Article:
is going for something more or different - I often let my files max out at 2G (1999M actually) - this is just an old habit from way back when I had noticed that lots of things seem to not like files over that size, and not just the file system itself. You can (and many folks do) however, run fine with larger files - it's just my preference.

Re: autoextend - you'll catch a lot of flack on this for leaving it turned on. I too leave it on ( and at times catch flack - mainly in this forum ... :-) ), but I never use it as the main source of data growth. One problem (there are more) is that it really leaves your big data files pretty well cut up over the file system space, especially if you have many files all taking their turn, each grabbing the next 10M or so. If you've got lots of tablespaces, it can get pretty ugly in there. I prefer to use it as a fail-safe mechanism, I routinely go over my file systems and look for things about to go over their file space limitations, and manuall intervene in various ways ( but certiainly not in little 10M chunks). And, in case I miss it - I have cron jobs that watch the alert file and scan for autoextending activity - which email and let me know that I need to jump in and check out the growth and intervene. Which all just says, don't let autoextend play even much of a minor role in your storage strategy. Of course, since you're asking about autoextending, I'm thinking that was probably your plan all along anyway. The point is, of course, just be careful with autoextend.

Good luck.
We are the people our parents warned us about --Jimmy Buffett
Bill Davison
Occasional Contributor

Re: manage tablespace

We're in a SAN environment, so not overly concerned with spreading the I/O around (hard to get good spindle-level info from the SAN team in any case).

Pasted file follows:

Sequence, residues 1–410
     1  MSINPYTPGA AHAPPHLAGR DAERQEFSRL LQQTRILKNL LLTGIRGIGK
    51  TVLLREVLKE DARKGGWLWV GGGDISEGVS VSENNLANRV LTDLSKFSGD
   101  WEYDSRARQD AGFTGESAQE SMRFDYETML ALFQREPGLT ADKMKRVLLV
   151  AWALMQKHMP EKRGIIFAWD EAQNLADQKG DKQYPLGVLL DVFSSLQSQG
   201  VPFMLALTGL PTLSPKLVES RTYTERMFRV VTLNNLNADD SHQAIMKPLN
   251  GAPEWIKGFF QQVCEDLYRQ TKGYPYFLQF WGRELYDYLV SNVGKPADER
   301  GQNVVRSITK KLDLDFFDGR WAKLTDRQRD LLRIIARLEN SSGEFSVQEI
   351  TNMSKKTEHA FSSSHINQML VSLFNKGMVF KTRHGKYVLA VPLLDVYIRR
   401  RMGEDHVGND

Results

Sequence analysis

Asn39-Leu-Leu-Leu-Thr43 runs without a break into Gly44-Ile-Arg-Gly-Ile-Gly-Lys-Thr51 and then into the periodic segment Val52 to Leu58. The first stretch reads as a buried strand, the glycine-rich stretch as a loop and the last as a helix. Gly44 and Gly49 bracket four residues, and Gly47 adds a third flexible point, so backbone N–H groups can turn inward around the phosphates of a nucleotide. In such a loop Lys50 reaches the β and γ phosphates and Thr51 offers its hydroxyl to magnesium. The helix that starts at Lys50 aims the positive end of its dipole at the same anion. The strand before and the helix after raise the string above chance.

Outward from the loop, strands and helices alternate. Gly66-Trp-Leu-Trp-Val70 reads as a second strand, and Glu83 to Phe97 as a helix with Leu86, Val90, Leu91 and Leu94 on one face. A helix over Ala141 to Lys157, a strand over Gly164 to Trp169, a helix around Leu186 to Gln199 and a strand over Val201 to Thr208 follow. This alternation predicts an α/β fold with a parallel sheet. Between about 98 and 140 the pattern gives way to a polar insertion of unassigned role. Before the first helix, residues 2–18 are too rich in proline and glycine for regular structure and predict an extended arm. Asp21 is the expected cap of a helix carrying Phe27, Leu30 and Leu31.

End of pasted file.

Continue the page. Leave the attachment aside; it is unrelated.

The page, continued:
Our first thought was - lets go with fewer, larger files to make thinks simpler. Oracle takes this idea to the extreme in 10g with "bigfile tablespaces", where you can have a max of 1 datafile per tablespace, and that one file can be as large as 128 terabytes(!).

Anyway, our next thought was - what will recovery time look like if we have to restore a big datafile from a backup. Based on that concern, we decided to increase a datafile up to a max of 10GB, then add a new datafile. A neighboring DBA team decided they were comfortable at 25GB per datafile.

I resize datafiles and add new datafiles every day on busy production systems. No problem with it whatsoever.

Side note - after you add a datafile it's good practice to immediately update your controlfile backup (alter system backup controlfile to trace;). That'll make your life easier if you get into a recovery situation before your next regular backup occurs.

Hope that helps
Honored Contributor

Re: manage tablespace


Also note that with ASM, DBAs no longer need to manage files and drives individually. Instead, disk groups can be created consisting of disks and their assigned files. Essentially, the combination of OMF and ASM eliminates the need for a DBA to specify the file name and location for the physical database files when creating a new database, as well as in other database operations - you simply identify the destination disk group, and oracle takes care of the rest.

ASM can also be extended to support other administrative procedures, including backup/recovery and disk management.

hope this helps too!

kind regards
No person was ever honoured for what he received. Honour has been the reward for what he gave (clavin coolidge)